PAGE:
Allan Massie: Cameron and Clegg better together – for now
DESPITE disharmony in the coalition, the Prime Minister and his deputy must grit their teeth and tough it out. Both their futures depend on it.
I think it was Disraeli who said that England does not like coalitions. Certainly the right wing of the Conservative Party loathes this one. It has resented its necessity from the start, and that resentment has festered in the two years since it was formed. Now it hopes that the Coalition will break up, though at the same time this hope is, or should be, tempered by fear. Despite the provision for fixed-term parliaments, which was part of the coalition agreement, it is still possible for parliament to be dissolved early, and a General Election held. That is a bleak prospect for both the Conservatives and the Liberal Democrats. Fall out with each other, surrender office, and see Ed Miliband in number 10. So common sense suggests that the coalition will hold together for a bit longer. The cause of the present stushie is simple. Conservative back-benchers blocked Nick Clegg’s cherished scheme for reform of the House of Lords – not, I should say, a subject that interests many outside the Westminster village. David Cameron then told his deputy that he couldn’t persuade his rebels to fall into line. Clegg accepted that for this parliament, Lords reform was dead in the water. Or perhaps not?. The Conservatives have their own pet scheme: a review of constituency boundaries and the reduction of the number of Commons seats from 650 to 600. They believe this is necessary if they are to secure an overall majority because they believe that the present set-up favours Labour. So Clegg has said: “No Lords reform, no boundaries review.”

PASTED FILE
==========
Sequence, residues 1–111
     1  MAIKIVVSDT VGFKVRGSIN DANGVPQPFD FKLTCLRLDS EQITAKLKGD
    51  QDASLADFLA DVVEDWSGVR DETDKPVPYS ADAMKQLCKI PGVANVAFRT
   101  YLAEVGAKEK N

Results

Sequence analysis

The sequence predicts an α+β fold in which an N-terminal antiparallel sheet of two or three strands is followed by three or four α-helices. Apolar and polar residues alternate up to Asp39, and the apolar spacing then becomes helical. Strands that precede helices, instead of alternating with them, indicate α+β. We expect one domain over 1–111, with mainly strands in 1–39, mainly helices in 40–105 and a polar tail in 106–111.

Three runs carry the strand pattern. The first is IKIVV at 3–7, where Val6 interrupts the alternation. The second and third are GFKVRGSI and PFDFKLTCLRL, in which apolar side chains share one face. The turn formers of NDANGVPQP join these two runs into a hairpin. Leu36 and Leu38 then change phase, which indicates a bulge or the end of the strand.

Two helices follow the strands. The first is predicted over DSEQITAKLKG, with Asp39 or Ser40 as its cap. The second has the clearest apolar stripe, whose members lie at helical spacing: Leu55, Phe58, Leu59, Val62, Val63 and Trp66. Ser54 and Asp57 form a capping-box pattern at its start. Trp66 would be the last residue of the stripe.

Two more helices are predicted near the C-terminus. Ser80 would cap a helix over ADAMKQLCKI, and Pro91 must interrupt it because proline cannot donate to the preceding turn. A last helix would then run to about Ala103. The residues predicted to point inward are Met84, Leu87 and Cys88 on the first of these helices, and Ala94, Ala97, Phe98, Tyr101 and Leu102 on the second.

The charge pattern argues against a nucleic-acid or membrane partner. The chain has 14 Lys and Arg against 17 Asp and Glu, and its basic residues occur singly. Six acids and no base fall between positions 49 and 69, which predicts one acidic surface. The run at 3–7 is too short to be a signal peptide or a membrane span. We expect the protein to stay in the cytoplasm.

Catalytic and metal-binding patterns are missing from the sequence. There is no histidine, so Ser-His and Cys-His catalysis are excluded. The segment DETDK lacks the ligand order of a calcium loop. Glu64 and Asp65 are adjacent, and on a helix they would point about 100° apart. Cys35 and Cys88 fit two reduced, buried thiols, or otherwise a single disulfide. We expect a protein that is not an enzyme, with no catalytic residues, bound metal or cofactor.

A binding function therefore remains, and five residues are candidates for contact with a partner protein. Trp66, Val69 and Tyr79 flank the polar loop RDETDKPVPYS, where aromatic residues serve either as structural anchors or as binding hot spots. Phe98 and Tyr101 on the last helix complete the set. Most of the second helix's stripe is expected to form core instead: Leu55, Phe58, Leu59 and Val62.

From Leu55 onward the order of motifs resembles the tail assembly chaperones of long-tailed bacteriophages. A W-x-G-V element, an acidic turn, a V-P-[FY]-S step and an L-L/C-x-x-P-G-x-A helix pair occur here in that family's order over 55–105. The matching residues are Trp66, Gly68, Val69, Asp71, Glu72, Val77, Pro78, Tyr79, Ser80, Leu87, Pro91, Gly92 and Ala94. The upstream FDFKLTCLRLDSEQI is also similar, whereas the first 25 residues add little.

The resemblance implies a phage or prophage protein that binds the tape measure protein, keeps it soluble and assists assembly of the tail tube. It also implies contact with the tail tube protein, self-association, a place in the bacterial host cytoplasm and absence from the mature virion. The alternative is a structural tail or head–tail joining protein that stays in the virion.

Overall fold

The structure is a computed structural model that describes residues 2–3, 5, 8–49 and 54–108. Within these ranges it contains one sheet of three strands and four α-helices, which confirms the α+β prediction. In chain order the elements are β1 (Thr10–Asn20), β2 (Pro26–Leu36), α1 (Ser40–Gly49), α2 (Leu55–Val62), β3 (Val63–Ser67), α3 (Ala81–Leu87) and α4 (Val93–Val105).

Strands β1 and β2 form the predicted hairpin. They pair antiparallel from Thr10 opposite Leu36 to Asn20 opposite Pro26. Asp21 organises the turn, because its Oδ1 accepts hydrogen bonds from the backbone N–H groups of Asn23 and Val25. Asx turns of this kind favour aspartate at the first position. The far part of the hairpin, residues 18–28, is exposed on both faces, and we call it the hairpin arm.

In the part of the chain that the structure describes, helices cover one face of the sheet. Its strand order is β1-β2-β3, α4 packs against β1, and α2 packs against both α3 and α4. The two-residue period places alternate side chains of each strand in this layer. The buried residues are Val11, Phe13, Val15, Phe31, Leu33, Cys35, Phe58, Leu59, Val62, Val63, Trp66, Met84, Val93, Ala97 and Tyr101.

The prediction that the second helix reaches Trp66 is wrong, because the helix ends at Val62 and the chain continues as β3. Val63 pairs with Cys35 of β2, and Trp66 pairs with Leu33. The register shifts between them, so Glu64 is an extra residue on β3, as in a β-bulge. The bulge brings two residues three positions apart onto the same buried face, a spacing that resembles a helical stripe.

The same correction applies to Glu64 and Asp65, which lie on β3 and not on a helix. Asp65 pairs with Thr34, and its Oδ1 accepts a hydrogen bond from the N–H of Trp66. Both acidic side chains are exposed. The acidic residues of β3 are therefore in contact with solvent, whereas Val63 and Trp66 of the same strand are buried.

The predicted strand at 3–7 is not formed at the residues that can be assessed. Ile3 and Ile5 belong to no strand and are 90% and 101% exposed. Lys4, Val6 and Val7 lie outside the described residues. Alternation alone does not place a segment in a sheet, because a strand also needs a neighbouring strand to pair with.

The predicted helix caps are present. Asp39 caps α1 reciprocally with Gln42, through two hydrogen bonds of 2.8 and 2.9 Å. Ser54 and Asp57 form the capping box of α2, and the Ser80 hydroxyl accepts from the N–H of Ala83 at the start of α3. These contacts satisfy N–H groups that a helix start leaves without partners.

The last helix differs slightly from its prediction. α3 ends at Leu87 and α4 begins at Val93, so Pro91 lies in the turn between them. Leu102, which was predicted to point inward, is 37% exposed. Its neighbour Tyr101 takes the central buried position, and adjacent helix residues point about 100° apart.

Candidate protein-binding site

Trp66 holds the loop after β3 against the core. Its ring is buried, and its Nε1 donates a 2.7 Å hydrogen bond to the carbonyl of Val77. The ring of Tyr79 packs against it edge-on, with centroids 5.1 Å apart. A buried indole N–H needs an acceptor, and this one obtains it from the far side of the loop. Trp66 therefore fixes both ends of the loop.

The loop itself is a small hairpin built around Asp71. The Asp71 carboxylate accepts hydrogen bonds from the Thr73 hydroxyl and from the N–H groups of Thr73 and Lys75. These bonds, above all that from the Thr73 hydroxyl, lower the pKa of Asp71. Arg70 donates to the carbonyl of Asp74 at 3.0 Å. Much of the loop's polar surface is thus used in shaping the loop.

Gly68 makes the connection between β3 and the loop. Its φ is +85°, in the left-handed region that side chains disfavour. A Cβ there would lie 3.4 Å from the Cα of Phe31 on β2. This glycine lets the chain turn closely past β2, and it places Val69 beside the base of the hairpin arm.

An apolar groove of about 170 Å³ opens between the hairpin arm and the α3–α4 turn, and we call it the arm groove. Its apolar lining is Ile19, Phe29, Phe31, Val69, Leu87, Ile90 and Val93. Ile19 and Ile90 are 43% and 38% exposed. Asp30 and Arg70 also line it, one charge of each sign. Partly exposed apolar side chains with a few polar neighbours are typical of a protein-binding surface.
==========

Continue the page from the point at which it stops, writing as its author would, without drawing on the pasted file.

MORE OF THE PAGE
Result: squawks of fury on the Right. Clegg is being petulant. He is behaving like a spoiled child; “it’s ma ba’ and you’re not playing with it”. It’s outrageous. Instead of swallowing the humiliation of his defeat over Lords reform, and lying on his back waiting to have his tummy scratched, he’s playing it tough. What makes it even more infuriating is that he holds the trump card that could take the trick for the Tories. So, if they are right in believing that the boundaries’ review is necessary if the Tories are going to win a majority in the next election, reason suggests that they must find some way of appeasing him.